Republicans in the state Legislature may have a majority of legislators on board to approve a right-to-work law, but a new poll by Ball State University shows many Hoosiers are still making up their minds.
Twenty-seven percent of respondents in the poll support right-to-work legislation, which would allow employees to work at a unionized workplaces without being forced to pay union dues. But a nearly equal percentage of respondents—24 percent—oppose such legislation. The rest, or 48 percent, are undecided on the issue.
“Neither side has closed the sale,” said Ray Scheele, co-director of Ball State’s Bowen Center for Public Affairs, which conducted the annual survey of Hoosiers’ sentiments on state government issues.
Supporters of a right-to-work law say such legislation will help Indiana attract more jobs. If they can convince Hoosiers, they have a strong chance of winning their support. The Ball State survey found that 78 percent of Hoosiers say the No. 1 priority for government action is job creation, which mirrors results from Ball State’s survey a year ago.
But growing the state’s economy is not only about jobs, but also the level of income Hoosiers earn through their work. Opponents of right-to-work legislation say it merely appeals to low-wage employers—and may even be ineffective at doing so.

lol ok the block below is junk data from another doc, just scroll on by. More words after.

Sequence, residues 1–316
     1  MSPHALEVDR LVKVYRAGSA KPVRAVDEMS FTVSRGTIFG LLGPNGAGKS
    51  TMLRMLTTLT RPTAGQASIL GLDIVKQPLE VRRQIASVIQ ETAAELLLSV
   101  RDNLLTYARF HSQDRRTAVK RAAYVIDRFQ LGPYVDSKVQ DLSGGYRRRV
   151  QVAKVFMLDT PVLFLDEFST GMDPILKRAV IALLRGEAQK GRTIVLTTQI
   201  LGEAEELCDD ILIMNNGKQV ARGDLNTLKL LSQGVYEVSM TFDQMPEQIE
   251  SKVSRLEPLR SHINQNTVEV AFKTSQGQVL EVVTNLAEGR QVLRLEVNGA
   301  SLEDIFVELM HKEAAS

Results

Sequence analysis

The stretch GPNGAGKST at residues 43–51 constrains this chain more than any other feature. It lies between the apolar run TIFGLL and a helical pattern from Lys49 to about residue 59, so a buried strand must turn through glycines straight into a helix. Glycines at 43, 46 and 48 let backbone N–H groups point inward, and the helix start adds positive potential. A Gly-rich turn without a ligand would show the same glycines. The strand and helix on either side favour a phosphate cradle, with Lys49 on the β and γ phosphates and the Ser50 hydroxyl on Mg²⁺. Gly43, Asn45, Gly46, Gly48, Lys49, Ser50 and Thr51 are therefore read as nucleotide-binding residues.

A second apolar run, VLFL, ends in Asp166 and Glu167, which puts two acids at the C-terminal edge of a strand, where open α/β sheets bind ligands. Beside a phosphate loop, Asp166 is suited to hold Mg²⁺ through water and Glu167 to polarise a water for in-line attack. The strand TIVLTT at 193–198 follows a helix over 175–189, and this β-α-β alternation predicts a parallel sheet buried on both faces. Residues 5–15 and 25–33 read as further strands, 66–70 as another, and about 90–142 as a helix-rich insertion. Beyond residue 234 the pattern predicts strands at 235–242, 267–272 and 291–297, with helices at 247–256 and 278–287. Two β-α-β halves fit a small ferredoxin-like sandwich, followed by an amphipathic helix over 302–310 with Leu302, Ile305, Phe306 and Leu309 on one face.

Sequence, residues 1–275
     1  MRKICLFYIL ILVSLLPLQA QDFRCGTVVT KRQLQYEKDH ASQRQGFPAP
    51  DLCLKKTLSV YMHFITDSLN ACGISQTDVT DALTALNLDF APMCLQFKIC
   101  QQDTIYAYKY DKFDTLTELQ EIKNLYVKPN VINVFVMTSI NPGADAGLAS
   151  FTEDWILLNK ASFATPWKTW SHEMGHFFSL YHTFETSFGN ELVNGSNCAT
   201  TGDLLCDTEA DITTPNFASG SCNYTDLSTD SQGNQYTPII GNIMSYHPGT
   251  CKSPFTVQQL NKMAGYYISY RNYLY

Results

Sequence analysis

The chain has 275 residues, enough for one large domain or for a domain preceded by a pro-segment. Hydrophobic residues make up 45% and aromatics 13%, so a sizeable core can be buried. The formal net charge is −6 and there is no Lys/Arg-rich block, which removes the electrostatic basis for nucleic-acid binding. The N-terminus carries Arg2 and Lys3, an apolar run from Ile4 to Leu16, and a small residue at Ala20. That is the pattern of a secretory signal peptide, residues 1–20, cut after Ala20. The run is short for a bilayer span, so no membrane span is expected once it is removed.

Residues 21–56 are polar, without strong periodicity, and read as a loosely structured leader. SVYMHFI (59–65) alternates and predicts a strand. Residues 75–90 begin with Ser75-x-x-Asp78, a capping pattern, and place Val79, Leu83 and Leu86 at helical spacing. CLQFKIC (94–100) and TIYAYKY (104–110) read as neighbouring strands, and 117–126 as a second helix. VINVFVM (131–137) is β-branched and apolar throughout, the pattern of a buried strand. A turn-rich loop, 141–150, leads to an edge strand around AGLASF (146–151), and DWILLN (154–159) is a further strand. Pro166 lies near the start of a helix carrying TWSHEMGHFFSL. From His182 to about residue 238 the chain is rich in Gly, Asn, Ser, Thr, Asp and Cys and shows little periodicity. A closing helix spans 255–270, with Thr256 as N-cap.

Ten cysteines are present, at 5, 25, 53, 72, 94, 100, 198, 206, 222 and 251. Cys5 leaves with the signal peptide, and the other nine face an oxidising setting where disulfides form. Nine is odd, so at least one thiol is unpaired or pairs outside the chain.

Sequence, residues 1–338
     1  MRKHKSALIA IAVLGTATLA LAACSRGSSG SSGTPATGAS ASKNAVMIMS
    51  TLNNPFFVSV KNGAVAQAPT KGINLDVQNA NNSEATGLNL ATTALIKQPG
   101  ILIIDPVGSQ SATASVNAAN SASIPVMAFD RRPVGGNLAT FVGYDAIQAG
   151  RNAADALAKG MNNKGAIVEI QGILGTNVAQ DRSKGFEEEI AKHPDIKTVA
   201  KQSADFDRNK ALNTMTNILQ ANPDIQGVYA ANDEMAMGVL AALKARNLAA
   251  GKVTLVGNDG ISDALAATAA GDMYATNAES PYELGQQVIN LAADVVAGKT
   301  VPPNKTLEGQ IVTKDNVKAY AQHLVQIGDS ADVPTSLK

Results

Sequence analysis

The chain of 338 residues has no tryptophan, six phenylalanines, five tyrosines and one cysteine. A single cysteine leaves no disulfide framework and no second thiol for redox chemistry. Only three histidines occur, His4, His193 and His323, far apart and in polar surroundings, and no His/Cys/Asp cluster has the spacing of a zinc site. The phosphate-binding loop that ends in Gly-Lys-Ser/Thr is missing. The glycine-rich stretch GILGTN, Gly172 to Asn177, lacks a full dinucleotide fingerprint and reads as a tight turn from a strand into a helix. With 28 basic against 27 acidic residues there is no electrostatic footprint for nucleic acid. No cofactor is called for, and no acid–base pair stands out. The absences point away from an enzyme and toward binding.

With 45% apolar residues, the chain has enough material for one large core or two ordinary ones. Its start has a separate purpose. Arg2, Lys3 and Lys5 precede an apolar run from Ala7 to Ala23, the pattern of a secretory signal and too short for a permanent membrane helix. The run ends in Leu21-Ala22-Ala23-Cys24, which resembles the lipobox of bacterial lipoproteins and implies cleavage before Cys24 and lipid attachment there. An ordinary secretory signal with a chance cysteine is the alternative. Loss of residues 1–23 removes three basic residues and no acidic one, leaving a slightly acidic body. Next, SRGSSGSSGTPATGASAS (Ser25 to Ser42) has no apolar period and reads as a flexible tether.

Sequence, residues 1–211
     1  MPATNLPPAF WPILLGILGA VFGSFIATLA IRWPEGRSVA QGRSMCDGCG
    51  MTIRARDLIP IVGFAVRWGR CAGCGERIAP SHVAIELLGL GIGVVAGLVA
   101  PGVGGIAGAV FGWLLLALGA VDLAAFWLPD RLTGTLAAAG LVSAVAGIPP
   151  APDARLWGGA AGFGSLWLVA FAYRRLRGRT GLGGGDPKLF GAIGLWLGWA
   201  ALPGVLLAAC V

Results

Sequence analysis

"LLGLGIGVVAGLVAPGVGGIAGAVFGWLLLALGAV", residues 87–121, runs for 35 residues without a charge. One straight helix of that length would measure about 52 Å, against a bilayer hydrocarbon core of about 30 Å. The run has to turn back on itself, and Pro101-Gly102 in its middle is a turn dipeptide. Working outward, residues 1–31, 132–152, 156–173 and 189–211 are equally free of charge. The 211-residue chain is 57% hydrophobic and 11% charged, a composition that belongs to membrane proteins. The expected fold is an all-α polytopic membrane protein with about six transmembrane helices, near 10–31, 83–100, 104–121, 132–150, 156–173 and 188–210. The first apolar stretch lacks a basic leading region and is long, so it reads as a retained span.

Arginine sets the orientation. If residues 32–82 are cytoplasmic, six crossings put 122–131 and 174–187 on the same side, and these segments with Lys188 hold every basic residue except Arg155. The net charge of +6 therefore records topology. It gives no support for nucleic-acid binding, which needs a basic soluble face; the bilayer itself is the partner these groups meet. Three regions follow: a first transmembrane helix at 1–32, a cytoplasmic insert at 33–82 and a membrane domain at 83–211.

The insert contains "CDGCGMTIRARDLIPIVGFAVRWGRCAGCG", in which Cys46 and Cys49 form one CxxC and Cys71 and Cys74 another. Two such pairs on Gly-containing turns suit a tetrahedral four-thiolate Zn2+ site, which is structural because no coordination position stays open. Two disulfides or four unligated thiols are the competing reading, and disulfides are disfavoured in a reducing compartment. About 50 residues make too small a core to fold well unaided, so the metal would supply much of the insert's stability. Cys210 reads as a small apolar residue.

“The availability of cheap labor overseas limits the effectiveness of [right-to-work] policies to attract companies looking for lower labor costs,” wrote four legislators in a Nov. 4 report that dissented from the decision of an interim legislative study committee to recommend a right-to-work law.
Republicans won a 20-seat majority in the Indiana House of Representatives in the 2010 election, as well as a filibuster-proof majority in the Indiana Senate. They used those advantages in 2011 to pass sweeping education reforms and to cut public funding to abortion provider Planned Parenthood. The GOP also advanced right-to-work legislation before a five-week walkout by Democrats halted that effort.
Some of those moves might have soured public opinion. The state Legislature’s approval rating fell by 10 percentage points this year, to 39 percent. Gov. Mitch Daniels, however, remains popular, with a 52-percent approval rating.
The most popular policy in Ball State’s poll was a statewide smoking ban, which has been proposed for several years and edged close to passage in the 2011 session. Ball State found that 56 percent of Hoosiers support a statewide smoking ban.
Ball State compiled its survey results from 607 telephone interviews, conducted by cell phone and landline, between Nov. 14 and Nov. 17. The poll has a margin of error of 4.4 percent.